Push down until you feel the button back "pop" into place. You can move your finger in a little circular motion over the pusher to ensure that all the edges of the button back are secured. And here is what you finish with! A beautiful, custom made, fabric covered button - handmade to match whatever materials/crafts you are working with! I have used quilter's cotton and even light flannel to make buttons with - lightweight denim or corduroy may also work, but watch that your fabric isn't TOO thick - the back won't stay on.


Some buttons I made for the pincushion swap. :)
I thought they made a neat little finish to the colorful package.

Tuesday, February 18, 2014

Color swap

A while back I mentioned that I was joining in on the Skinny Pincushion Swap, hosted by Amy at Amy Made That!. We were all emailed a swap partner at the beginning of this month, along with a little information about the "swapee" - a small list of likes and/or dislikes, to help determine what colors and prints we should use for our pincushion. This list also helps those who are sending along voluntary little "gifts", such as fabric quarters, pins, and even chocolate, to pick out just the right finishing touch.

I created a colorful "print" on this black twill by stitching lines of colorful thread in a freehand design. I pulled the thread colors from the other fabric I used, a bright floral print.
Some of the information I was given included bright colors, flowers, and cats. I don't sew with a lot of prints involving animals, but I did happen to have a couple of fat quarters in my stash with cats on them - so I'm sending them along as a gift! Also, I made a rainbow of covered buttons to send along, and added some lace trim from my stash.. Covered buttons are my go to for a quick, easy way to add a coordinating pop of color, or to highlight a little piece of a special fabric. I'll be posting a little "pictorial" how-to tomorrow, for anyone who hasn't been introduced to the fun! But today, my swap photos - everything is ready to be sent out! I hope my swapee enjoys!


One side of the pincushion. I fussy-cut the flowers on the end from the print.

Here's the other side! I am really happy with the placement of my fabrics.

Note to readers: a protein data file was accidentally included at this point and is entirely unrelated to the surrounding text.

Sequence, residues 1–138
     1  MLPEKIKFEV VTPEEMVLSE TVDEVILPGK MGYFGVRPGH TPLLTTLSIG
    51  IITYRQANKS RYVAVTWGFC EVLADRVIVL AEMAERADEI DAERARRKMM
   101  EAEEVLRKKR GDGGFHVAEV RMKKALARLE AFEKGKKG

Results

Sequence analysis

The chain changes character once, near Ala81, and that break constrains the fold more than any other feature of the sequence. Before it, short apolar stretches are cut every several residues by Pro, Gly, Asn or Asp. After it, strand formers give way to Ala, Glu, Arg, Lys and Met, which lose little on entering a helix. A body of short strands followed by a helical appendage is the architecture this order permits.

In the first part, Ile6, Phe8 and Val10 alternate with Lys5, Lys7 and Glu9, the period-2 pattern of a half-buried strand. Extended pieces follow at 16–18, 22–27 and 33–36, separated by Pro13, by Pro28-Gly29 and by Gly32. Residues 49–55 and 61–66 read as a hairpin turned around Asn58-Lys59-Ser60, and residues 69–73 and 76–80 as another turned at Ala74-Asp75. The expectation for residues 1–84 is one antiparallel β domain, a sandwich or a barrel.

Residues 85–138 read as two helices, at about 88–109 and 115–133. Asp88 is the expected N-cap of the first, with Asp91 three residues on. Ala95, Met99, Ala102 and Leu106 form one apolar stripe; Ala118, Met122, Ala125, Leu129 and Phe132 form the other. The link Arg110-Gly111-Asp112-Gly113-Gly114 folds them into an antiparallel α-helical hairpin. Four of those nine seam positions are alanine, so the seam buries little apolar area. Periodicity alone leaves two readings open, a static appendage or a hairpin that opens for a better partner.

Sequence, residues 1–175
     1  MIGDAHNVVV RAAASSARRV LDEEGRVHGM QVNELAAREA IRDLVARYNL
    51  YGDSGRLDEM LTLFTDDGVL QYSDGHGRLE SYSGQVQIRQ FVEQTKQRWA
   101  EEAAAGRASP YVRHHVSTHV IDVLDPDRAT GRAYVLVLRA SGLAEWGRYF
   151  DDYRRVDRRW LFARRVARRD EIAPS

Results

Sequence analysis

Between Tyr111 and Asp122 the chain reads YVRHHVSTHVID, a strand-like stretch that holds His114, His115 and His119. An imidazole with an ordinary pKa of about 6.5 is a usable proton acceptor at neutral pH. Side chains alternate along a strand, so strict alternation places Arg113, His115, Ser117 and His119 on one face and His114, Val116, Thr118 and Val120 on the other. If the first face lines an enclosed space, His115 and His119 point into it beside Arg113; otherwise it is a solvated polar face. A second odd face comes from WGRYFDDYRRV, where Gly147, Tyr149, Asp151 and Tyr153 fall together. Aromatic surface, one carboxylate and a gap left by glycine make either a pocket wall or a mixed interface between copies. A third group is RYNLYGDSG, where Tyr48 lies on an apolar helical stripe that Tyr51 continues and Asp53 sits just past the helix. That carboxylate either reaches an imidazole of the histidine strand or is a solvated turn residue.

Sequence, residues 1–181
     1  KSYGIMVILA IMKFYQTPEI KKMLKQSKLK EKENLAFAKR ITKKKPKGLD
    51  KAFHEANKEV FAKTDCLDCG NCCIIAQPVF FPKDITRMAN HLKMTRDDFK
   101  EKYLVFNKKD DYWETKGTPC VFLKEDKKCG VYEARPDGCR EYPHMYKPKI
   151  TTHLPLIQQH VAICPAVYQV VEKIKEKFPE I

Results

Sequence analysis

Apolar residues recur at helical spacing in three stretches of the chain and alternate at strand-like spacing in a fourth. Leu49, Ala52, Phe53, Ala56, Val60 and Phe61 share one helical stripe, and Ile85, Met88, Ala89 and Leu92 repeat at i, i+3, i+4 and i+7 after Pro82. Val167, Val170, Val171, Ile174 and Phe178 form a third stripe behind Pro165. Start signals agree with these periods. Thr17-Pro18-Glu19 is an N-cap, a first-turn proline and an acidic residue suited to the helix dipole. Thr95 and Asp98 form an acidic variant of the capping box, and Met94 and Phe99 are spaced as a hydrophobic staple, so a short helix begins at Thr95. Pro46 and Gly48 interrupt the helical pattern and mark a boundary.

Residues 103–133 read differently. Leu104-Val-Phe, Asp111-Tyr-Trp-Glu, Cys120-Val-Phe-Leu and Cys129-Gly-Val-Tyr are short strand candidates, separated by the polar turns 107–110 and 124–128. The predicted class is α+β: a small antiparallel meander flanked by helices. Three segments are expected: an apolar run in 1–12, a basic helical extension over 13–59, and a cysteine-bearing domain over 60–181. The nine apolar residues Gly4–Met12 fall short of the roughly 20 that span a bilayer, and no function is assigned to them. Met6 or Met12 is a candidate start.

Here's the finished package! Pincushion, two fat quarters (cats, flowers, and bright colors all in one!), a string of colorful fabric covered buttons, and a package of vintage-y lace trim. 

Thursday, February 13, 2014

GIDDY

I am so, so, SO happy. Giddy with excitement. (Delightful phrase, isn't it?)

I. Have. A serger. I mean, it's coming tomorrow. But I HAVE ONE.

!!!

Yep! I bought a brother 1034d - after unsuccessfully entering to win one three different times in the past few months, I just went and got it myself! Now I better not enter any more giveaways for one, because if I win one now I'd be slightly annoyed...

Just kidding, I'd sell one. Or just be special and have two.

I bought a little fabric too. Lani from The Plush Plum (link goes to her Facebook business page) has been destashing, lucky for me! So I bought a little - only about 36 yards or so. :P (heehee - don't worry, it'll be used!!) While chatting about the fabric, we realized we have something to offer each other! Lani creates handmade cloth dolls (and they are ADORABLE), and they need some clothes.

Guess what I've been trying to get myself set up to do??

If you guessed doll clothes, then you've probably talked to me. Or it's obvious, or both.

So. Lani is sending me one of her beautiful dolls to use as a model, and I am (hopefully!) going to create some lovely little things, and she will sell them! Plus, soonish, I should have some stock for 18 inch dolls as well, and will be setting up my own Facebook page! And once I do you can bet I'll be sharing like crazy, and I hope you will too!

This is a dream of mine, and it's finally coming true. Thank you, Lani, for the chance to get my name out and do something amazing*!